10 Winter Health Care Mistakes to Avoid

28
2276

Winter is setting in, and while you may be tempted to wrap your horse in an overly toasty warm blanket and tuck him in to a heated barn for the cold season, avoid the urge. He’s better off if you refrain from too much over-coddling. Of course throwing him out for the winter and forgetting about him until the spring thaw isn’t the way to go either.

Horse in snow

 

Ensure your horse stays healthy all season long by using common sense and avoiding these Top 10 winter horsekeeping mistakes:

  1. Letting his water freeze over.

    A horse will not stay properly hydrated if his water is frozen. Snow and ice are no substitute for clean, unfrozen drinking water. Your horse’s risk of impaction colic is greatly increased if he doesn’t have access to unfrozen water at all times. If you live in a region that experiences below-freezing temperatures, invest in a heating device specifically designed for horse waterers and troughs.

  2. Not increasing feed rations when temperatures dip.

    Talk to your veterinarian about how much feed your horse should receive during the winter months. As the temperatures drop, your horse burns more calories to stay warm. For some horses, this means considerable weight loss. If your horse isn’t on a calorie-restricted diet, consider increasing his hay rations as it gets colder outside. Forage (hay) provides an excellent source of calories. Also, the process of digesting fiber (most hays are high in fiber) helps keep a horse warmer.

  3. No exercise.

    Just like we humans, horses need exercise all year long, even when it’s cold outside! If possible, continue riding through the winter months. If severe conditions make winter riding impossible, turn your horse out daily in a large pasture or paddock daily; if it’s safe to do so, consider longeing him to keep him fit.

  4. Overriding an out of shape horse.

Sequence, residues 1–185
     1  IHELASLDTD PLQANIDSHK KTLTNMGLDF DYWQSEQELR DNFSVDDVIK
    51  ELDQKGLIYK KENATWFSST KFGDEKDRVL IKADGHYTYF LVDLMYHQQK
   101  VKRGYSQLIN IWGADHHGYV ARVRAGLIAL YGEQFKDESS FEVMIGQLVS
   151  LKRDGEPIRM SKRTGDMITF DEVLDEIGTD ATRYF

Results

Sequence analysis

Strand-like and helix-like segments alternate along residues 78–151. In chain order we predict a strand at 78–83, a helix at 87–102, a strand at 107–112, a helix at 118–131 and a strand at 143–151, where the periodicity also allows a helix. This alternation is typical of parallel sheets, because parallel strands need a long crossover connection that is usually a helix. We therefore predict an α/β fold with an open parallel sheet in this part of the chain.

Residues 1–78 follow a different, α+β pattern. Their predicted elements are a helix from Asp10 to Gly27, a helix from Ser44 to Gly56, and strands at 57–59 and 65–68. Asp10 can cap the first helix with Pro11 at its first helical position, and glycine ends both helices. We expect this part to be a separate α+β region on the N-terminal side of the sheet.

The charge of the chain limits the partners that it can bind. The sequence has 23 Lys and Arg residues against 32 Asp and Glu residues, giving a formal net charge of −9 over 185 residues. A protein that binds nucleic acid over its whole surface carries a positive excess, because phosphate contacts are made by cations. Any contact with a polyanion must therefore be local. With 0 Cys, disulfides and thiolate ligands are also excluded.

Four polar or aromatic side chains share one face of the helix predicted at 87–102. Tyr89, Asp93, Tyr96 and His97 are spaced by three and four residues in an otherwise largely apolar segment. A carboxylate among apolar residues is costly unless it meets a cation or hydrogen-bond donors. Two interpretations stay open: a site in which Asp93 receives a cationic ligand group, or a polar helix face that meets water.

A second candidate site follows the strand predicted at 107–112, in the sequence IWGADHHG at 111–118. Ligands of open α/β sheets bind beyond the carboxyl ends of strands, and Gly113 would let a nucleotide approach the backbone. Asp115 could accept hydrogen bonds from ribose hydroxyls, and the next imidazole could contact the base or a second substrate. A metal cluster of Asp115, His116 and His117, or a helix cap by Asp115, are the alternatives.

If you only ride when the weather is good, chances are you won’t be doing much saddling up if you live in a cold winter region. That’s ok if you do other things to keep your horse fit, but if he’s a stable potato most of the season, use caution: An out-of-shape horse is at a much greater risk of musculoskeletal injury if exercised hard. If your winter riding schedule is sporadic, based on weather conditions, stick to lighter workouts that won’t over task your horse. Gradually increase his exercise level as his fitness improves.

  5. Sequestering a horse indoors.

    Horses will stay healthier and fitter if left outdoors for the winter, with a few caveats: All horses must have shelter from the elements. A three-sided shelter with a roof is a must. If you do bring your horse indoors, try to leave him out during the day and only bring him in at night. And don’t close your barn up! Instead, leave it open to ensure good airflow inside; a closed-up barn leads to poor air quality that can affect a horse’s respiratory health.

  6. Over blanketing.

    When it’s snowing outside and you’re inside enjoying a warm dinner by the fire, it’s hard not to feel sorry for your horse. To ease the guilt, you may be tempted to rush out and pile yet another blanket on him. Stop yourself right there! Yes, a horse with a full or partial body clip does need blanketing during winter, regardless of whether he’s kept indoors or out. But a horse with his natural winter coat probably doesn’t need blanketing as long as he has shelter from the elements, is receiving proper nutrition and is in good health. Over blanketing a horse can cause him to overheat, which can lead to dehydration and a host of health problems. If you are concerned about your horse’s comfort during winter, talk to your veterinarian about it.

  7. Lack of hoof care.

    Nothing irks a good farrier more than an owner who insists on foregoing hoof care during the winter months. Horses—barefoot or shod, ridden or not—need regular farrier care every six to eight weeks, maybe even more often, regardless of the season. Period, the end!

  8. No beauty treatment.

    Even if you don’t ride during the winter, groom your horse regularly—daily if possible. Regular grooming and handling provides the opportunity to evaluate your horse and alerts you to problems such as illness, injury, weight loss, lost shoe, cracked hooves, et cetera. It’s up to us, as owners, to intervene as quickly as possible when something is wrong. Catching a problem early on helps put your horse back on the track to good health.

  9. Throwing him out to pasture and forgetting about him.

    There’s an old cowboy adage out there, “no rest for the horseman.” Yes, the holidays are upon us, and yes it’s darn cold outside, but you still have to keep up on your daily horsekeeping chores. Even if your horses are in pasture, you still have lots of work to do! Watering, feeding, grooming, exercising—get busy.

  10. Neglecting your own health.

    Most of us are responsible horse people who put equine health in front of our own. But remember, if you’re not healthy, you won’t be able to care for your horse. When tending to your horsekeeping tasks this winter, stay warm, stay safe and stay healthy because there’s someone counting on you every day.

Further Reading

The Big Chill

Horse Warmth in Winter

28 COMMENTS